Diaspora diplomacy enables the Philippines and other diaspora states to influence another country’s culture, politics, and economics. Dual citizenship legislation which allows dual loyalties, in effect, institutionalized dual influencing. Public policies nurturing diaspora diplomacy allow the Philippines to be smart and aggressive without being hegemonic and arrogant. Realists write about the exercise of hard power such as Mutually Assured Destruction (MAD). Diaspora diplomacy, on the other hand, is the launch of Weapons of Mass Dispersion and achieving a different form of MAD, More Acceptable Diplomacy.

The primary drivers of diaspora diplomacy are the basic needs of home and family, as opposed to economy and security. For Filipino migrants, the structure of home and family is often large and complex. A typical household may include, aside from the basic family unit of spouses and children, siblings, in-laws, uncles, aunts, grandparents, nieces, nephews, and grandchildren. It can also extend outwards to friends, strangers, churches, charities, hometown associations, and other organizations. Household income generation is based on this extended kinship structure; each family member of legal age is expected to contribute to household expenses, which may include education, medical expenses, and mortgage.

Beyond the home, extra disposable income often goes to help rehabilitate or construct schools, chapels, and roads in the Philippines. Most migrants meet their family obligations while at the same time contributing to the betterment of their homeland. Given these extended meanings of household and extended uses of income, it is not surprising to see Filipino migrants consider their churches as part of their families. Many feel that they are being sent out to the world as church members who need to spread the word of God, so they assume such roles as pastors, lay workers, bible readers, and choir singers, among others.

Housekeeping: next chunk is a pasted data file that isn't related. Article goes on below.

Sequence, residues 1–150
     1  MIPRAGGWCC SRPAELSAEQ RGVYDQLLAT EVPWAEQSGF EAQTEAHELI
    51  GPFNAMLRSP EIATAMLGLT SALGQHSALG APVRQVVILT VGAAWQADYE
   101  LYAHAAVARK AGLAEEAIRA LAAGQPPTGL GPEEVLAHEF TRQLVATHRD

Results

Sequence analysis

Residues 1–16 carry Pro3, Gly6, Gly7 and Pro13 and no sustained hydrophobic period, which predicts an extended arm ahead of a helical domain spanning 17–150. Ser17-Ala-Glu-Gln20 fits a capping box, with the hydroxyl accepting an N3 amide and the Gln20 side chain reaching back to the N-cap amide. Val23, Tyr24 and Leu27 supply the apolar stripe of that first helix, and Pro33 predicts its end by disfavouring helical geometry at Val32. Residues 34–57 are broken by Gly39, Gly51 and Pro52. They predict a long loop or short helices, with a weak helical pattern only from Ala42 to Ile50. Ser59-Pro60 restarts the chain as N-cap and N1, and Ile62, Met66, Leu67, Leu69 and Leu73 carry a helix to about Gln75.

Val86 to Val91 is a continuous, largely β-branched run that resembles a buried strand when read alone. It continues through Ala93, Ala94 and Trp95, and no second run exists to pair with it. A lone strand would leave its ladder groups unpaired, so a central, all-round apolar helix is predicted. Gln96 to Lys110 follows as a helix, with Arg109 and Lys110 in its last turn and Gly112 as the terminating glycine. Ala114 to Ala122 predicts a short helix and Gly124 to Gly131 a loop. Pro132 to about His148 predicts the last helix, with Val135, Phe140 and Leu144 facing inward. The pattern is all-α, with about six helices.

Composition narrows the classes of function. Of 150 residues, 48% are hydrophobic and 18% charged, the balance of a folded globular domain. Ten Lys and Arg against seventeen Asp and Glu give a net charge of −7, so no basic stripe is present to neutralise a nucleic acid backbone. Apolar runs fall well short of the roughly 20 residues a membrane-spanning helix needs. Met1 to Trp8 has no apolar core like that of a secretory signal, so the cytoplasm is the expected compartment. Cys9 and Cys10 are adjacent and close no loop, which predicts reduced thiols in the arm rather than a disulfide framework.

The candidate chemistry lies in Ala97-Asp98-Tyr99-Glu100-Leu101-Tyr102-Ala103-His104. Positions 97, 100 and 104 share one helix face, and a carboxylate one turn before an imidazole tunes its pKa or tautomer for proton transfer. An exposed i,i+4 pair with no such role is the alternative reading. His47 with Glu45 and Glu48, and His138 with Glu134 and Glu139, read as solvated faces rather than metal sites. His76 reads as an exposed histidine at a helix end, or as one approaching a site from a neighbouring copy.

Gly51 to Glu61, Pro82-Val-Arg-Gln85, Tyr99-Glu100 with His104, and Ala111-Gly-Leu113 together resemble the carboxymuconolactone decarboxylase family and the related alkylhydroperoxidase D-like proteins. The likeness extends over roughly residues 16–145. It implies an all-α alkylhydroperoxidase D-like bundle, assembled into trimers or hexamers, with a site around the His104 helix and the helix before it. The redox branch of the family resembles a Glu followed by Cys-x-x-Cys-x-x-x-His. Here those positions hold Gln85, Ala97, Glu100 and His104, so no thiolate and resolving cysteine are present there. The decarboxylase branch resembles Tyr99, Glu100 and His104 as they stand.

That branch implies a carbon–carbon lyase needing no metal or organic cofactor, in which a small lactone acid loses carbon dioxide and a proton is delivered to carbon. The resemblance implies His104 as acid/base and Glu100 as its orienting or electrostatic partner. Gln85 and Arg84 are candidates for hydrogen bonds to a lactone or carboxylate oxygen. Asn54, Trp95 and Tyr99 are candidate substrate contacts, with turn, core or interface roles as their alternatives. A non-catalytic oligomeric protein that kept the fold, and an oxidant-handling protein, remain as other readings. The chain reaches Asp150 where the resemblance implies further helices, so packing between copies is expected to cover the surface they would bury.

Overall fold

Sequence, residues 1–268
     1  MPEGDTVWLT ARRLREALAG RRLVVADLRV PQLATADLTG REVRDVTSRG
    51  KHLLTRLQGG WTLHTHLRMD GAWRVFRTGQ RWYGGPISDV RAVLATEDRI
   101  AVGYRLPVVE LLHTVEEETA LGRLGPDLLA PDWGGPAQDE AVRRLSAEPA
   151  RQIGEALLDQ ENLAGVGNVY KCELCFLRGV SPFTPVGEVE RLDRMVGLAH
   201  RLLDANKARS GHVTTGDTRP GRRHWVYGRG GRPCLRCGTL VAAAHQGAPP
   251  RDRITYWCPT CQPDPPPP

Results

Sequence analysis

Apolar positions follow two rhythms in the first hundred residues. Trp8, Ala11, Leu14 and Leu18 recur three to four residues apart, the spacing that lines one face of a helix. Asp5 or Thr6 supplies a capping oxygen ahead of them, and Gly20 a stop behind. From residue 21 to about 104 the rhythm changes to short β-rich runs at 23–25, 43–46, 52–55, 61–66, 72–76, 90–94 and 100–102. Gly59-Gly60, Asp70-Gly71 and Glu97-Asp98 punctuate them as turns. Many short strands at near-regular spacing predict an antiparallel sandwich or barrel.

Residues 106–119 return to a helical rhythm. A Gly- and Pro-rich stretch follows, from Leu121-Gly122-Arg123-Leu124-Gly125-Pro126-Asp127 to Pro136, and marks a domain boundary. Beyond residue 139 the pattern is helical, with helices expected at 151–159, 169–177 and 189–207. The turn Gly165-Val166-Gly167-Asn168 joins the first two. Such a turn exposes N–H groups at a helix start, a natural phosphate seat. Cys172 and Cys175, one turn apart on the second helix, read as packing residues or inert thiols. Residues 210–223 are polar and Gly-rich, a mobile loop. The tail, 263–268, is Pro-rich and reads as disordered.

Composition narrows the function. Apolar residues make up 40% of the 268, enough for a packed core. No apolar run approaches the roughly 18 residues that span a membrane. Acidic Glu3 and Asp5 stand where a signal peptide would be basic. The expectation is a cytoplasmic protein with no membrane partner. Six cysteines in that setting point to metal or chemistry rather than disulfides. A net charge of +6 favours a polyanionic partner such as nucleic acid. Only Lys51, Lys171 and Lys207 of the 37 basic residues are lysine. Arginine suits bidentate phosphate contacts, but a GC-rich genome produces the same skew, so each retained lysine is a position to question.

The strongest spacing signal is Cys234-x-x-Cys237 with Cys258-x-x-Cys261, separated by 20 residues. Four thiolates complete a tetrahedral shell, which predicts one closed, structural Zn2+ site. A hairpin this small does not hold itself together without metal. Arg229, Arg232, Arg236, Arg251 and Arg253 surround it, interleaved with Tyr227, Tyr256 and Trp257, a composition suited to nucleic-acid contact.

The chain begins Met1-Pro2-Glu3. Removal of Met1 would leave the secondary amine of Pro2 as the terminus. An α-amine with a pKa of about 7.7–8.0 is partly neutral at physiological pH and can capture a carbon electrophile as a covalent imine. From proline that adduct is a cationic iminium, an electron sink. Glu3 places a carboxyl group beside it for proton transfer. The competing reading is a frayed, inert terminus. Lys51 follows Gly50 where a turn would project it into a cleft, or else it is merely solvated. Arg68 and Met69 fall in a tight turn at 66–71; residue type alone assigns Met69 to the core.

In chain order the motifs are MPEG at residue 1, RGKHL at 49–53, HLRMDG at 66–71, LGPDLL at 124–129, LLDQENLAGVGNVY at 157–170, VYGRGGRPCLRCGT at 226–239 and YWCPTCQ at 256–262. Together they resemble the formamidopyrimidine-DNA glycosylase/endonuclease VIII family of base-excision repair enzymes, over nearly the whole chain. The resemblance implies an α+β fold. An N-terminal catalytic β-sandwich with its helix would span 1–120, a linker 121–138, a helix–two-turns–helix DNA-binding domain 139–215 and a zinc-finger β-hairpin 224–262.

Governments of developing countries with limited budgets for bilateral relations are able to outsource their diplomatic functions to migrants who share their culture with the societies where they live and work. Although the Philippines has 87 diplomatic missions and opened seven more in 2009, these missions do not begin to cover and serve the more than 2,000 cities globally where Filipinos reside. Thus, Filipino migrants have adapted the traditionally governmental role of serving as ambassadors of Filipino culture and traditions. Through their many organizations, they assist in diplomacy by working independently or alongside efforts by the Philippine diplomatic corps. Since migrant workers use time outside of work and church to socialize and interact with the “locals” in their adopted countries, they contribute to the cultural sophistication and diversity of their locality through their religious events, musical groups, sports tournaments, and the like.

Philippine Diaspora Diplomacy and the “Filipinization” of Global Cities

The power of Philippine diaspora diplomacy comes from its capacity to influence, charm, persuade, and assert, in order to solidify ties. It is not meant to dominate, but is instead creating two-way, open, consensual, and respectful relations.